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Posted on Wednesday, 19 February 2014 13:00

African Telecoms: Much more to do to reach the masses

By Gemma Ware

Photo©ReutersHigh-speed internet for corporate clients is the big opportunity this year, but to extend mobile penetration to first-timers, prices will have to fall.

As merger momentum has grown in the global tele- com sector, Africa has not been left out.

In 2013, France's Vivendi finalised a deal to sell its 53% share of Maroc Telecom (#46) to the United Arab Emirates group Etisalat for $5.7bn.

It remains to be seen how Etisalat will position the newly acquired operations, many of them in Francophone West Africa, alongside its operations in Nigeria.

Other deals could be on the cards soon.

French group Orange confirmed to our sister magazine Jeune Afrique that it is re-evaluating its operations in Africa.

The turnover of the 34 telecoms companies on our Top 500 list stood at $77.6bn, contributing 10.5% of the total.

Turnover grew by 2.1% between 2011 and 2012.

Africa still has a long way to go with mobile penetration. A 2013 report from the GSMA found the continent had 253 million unique subscribers.

That means the mobile penetration rate is just 31%.

Peter Lyons of the GSMA says prices will have to drop in order to attract new customers.

"Now it's $13.6 average revenue per user [per month]. The next 200 million to 300 million customers are going to be significantly below that," he says.

Speed means business

Helped by the arrival of high-speed broadband, big firms will target corporate clients.

In August 2013, South Africa's MTN Group (#4) rolled out its MTN Cloud Services to target smaller companies in Nigeria, Ghana, Zambia, Uganda and Côte d'Ivoire.

Vodacom Group (#11) also has its sights on corporate clients.

Telkom (#38) is gearing up for a battle in February, when public hearings are due on local loop unbundling, a process whereby the South African state-owned incumbent will be forced to allow other operators to use its fixed-line infrastructure.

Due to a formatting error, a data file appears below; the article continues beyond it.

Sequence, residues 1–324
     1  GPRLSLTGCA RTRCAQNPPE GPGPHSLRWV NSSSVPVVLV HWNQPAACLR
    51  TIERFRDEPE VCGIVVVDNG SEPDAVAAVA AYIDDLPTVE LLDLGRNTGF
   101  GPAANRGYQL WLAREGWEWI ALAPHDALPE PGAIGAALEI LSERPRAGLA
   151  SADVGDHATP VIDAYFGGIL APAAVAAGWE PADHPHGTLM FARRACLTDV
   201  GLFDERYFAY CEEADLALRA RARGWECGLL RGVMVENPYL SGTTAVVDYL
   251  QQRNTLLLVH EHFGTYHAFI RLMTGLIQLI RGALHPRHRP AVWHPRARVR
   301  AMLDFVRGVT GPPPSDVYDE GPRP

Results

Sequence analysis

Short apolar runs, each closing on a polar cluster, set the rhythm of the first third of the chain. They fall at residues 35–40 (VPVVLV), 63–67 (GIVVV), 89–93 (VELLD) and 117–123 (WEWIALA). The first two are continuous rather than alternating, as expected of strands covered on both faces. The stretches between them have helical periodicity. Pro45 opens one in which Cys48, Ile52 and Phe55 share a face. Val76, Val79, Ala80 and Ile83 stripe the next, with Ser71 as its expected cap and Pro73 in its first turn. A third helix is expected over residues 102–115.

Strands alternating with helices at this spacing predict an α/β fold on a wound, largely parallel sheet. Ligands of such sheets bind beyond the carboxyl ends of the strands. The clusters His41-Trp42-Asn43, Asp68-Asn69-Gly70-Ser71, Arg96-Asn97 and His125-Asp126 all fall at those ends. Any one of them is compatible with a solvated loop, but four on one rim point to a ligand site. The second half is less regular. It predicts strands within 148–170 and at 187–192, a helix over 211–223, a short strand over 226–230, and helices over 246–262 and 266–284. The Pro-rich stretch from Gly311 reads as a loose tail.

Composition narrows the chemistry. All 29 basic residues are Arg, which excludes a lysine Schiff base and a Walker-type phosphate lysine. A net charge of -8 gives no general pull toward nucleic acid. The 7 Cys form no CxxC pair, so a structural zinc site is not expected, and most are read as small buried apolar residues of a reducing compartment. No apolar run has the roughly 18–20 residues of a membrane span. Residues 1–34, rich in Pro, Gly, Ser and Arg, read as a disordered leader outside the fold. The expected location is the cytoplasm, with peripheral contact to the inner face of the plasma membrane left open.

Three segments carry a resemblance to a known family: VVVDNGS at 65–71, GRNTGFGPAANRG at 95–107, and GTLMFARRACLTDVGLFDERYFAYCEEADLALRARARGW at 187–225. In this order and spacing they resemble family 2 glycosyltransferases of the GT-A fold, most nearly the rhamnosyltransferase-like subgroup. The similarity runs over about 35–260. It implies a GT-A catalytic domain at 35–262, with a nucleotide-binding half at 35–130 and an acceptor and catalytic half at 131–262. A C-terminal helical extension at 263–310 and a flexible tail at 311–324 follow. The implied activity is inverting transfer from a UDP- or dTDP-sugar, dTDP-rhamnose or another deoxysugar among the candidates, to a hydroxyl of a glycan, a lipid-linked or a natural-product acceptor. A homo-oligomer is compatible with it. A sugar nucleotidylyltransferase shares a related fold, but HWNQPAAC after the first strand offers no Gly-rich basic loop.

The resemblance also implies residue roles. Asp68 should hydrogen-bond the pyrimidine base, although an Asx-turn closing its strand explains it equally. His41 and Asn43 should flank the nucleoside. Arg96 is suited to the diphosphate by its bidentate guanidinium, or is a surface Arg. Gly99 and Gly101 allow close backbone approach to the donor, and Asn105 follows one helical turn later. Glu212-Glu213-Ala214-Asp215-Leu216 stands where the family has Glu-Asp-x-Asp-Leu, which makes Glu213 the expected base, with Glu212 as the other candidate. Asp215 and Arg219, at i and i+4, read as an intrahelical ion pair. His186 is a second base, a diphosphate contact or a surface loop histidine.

Governments are trying new ways to tax the telecoms sector.

In Kenya, Safaricom (#110) complained about a 10% levy on mobile-money transfers introduced in late 2012.

Safaricom officials said the move caused it to absorb costs of $4.6m in 2012 and 2013.

Still struggling to make its investment profitable, Indian firm Bharti Airtel is looking to sell its African infrastructure.

The sale of approximately 15,000 towers could help reduce its debt burden.

Airtel now has seven of its African subsidiaries on the Top 500 company list, the same number as MTN. ●

Busy year ahead for the South African comms giant

In September 2013, Vodacom Group (#11) announced it was in exclusive talks to buy fixed-line operator neotel.

Chief executive Shameel Joosub said the fibre it would acquire would allow it to "develop entirely new services such as fibre to the home and business".

Vodafone is cash rich after it sold its 45% stake in United States (US) operator Verizon Wireless for $130bn in September 2013 – $10bn of which it put into an investment pot for 'project Spring', which could include South Africa and tanzania.

But speculation mounted in late 2013 that US firm AT&T was eyeing a takeover of Vodafone, which owns 65% of Vodacom.

Some analysts said this could lead AT&T eventually to sell Vodafone's African assets, with Orange mooted as a potential buyer.

A spokesman for Vodacom said this speculation was "totally unfounded".

With MTN, Vodacom faces new regulations in South Africa that will drop the mobile termination rate (the money one operator pays another for terminating a call on its network) from R 0.40 ($0.04) to R 0.20 by march 2014, and R 0.10 in 2016.

The move favours smaller operators such as Cell C and 8ta. ●

For a full list of Africa's Top 500 Companies, get a copy of the February issue of The Africa Report, on sale at newsstands, via our print subscription of our digital edition.

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